The health belief model’s role of self-efficacy is a very important concept in HIV/AIDS education. Of all the points of the model, it is self-efficacy that has the most meaning, even within the context of the current education policy. Self-efficacy must be applied to a more complete model of sexual health education. This model should include more than just a discussion of safe sex practices.

Critique: Education Delivery – The Importance of Background and Setting
For an effective sexual health education intervention, the curriculum must acknowledge the importance of background of the target population. As Robinson points out, background characteristics directly impact the sexuality outcomes such as sexual satisfaction, sexual functioning, and sexual communication, as well as HIV risk reduction outcomes such as attitudes towards condoms, behavioral intentions to use condoms and committing to a monogamous relationship. (9)
California’s policy on HIV/AIDS education and sexual health education should be commended for its attempt to integrate differences in minority access to prevention education. With California’s large number of ESL students, it is important to recognize that language barriers need to be eliminated for the well being of every California student.
California’s anti-discrimination laws that apply to every state agency and includes language to protect minorities on the basis of race, gender, sexual orientation, ethnic and cultural background, and disability. While this coveted anti-discrimination law serves to protect minorities, it does not require inclusion on the order of fostering comprehensive sexual health education curriculum.
While the distinction is subtle, that problem becomes enhanced in the area of sexual health education curriculum. Each of the minority groups interacts differently to intimacy, relationships, sex, and consequently condom use. While all minorities deserve mention, two will be discussed in more detail.

Adolescents with Disabilities
In people with disabilities there is unwillingness for society to view physically and mentally handicap people as sexual. (10) In an effort to provide mentally handicapped students with appropriate sexual health education curricula, the state should set standards for a required comprehensive sexual health education.
In adolescents with mental handicaps, there is an overprotection that leads to a lack of knowledge, a habitual over-compliant nature, limited assertiveness, and increased trusting. (11) The overprotection translates to a higher risk of sexual abuse and higher risks of HIV transmission. The California public education system has failed to address these key issues in learning, development, and cognition, in regard to sexual health education for the mentally disabled population.
Sex related to disability is a taboo subject, and many institutions limit the kinds and types of sex education curriculum available to mentally disabled students. (12) A 2003 report on the status of sexual health education reveled that between 66-74% of students with mild mental disabilities and 38-39% of students with severe mental disabilities received some kind of instruction on contraception in a formal setting. The report compared the rates of structured learning to the rates at which sex is being discussed with peers. It was found that 73-83% of students with mild mental disabilities and 45-66% of students with severe mental disabilities were discussing sexual topics in a non-structured setting. (13) This study does not address any potential shortcomings of any curriculum that was in place. To truly address the disparity in health education in the disabled population, the curriculum cannot be afraid to discuss sexual actions and intimate relationships with this vulnerable population.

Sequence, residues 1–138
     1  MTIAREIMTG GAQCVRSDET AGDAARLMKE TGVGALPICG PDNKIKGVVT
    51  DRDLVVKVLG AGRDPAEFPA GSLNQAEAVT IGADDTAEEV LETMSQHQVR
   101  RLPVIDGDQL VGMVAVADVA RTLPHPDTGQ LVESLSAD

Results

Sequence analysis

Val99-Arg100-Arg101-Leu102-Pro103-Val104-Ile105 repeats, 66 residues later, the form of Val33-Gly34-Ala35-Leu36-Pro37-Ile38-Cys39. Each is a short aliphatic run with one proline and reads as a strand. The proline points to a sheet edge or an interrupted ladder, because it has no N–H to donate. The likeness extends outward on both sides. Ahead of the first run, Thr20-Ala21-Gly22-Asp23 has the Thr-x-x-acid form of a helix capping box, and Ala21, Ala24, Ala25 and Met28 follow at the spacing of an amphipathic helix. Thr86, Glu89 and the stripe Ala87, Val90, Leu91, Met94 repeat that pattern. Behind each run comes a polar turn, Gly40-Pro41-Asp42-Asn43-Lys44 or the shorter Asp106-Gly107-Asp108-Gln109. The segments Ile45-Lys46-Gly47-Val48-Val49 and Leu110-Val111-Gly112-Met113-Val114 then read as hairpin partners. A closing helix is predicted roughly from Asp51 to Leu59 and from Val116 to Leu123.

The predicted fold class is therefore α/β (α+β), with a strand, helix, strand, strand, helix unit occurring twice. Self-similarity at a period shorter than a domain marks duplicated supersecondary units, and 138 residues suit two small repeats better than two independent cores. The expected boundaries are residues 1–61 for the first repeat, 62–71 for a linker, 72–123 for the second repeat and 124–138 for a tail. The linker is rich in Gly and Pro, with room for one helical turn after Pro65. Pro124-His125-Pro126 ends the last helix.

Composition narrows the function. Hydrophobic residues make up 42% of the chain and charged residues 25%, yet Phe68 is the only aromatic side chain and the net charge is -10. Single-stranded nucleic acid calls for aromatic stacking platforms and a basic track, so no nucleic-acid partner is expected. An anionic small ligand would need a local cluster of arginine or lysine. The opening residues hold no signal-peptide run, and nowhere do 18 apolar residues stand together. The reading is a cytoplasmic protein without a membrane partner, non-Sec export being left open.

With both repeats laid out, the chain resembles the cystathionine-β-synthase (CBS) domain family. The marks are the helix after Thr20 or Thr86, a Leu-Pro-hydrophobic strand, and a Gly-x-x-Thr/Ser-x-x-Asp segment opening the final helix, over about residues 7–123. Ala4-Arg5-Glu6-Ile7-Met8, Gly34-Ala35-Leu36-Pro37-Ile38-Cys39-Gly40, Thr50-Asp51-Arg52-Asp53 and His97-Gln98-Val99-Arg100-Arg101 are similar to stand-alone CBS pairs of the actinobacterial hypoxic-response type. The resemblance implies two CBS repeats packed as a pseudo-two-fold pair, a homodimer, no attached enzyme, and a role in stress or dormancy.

MSM, WSW, and LGBT Adolescents
LGBT adolescents experience sex and relationships in a way that struggles against the hetero-normative structure of relationships and intimacy. While California’s anti-discrimination policy prevents the discrimination of HIV/AIDS and sexual health education based on sexual orientation, it fails to discuss how LGBT adolescents engage in relationships differently than heterosexual students.
Marriage equality aside, LGBT adolescents experience friendship, dating, and sexual encounters differently than the hetero-normative population. The negotiation of gender roles in MSM or WSW relationships comes at a great disadvantage to LQBT identity. The harm to LGBT identity creates a situation where sexual practices become a product of the negative gender environment in which they exist. Essentially, being labeled ‘gay’ or ‘lesbian’ restricts what it means to be a man or a woman in our society. (14) As a result, HIV/AIDS education is eroded by negative gender stereotypes; sexual practices become secondary to the negotiation of conventional gender roles.
An example of the importance of background in teaching MSM/GBT sexual engagement can be found in some of the ethnic minority populations. For some Latino men who have sex with men, there is a common belief that one is not gay, and consequently not vulnerable to HIV, as long as one is the active-inserter. (15) In this case, traditional discussions of sex, relationships, gender roles, and HIV/AIDS prevention are ineffective as a means of creating a comprehensive sexual health education program. The California health education system does not include curriculum on negotiating gender roles, on cultural differences in gender interpretation, or training on healthy sexual outlets based in cultural negotiation of sexuality. Teaching these differences is critically important in HIV prevention education. Not only will serving to reduce LGBT stigmatization and marginalization, but also allowing a more open communication of gender behavior within the heterosexual community.
HIV/AIDS health education, and consequently sexual health education cannot be comprised solely of an anti-discriminatory policy, where the only rule is not to favor heterosexual sex over queer sex. To be effective, HIV/AIDS health education policy must include constructive conversations about queer sex and relationships as well as curriculum in gender identity in relationship making.

Critique: Failing to Identify Intimacy and Relationships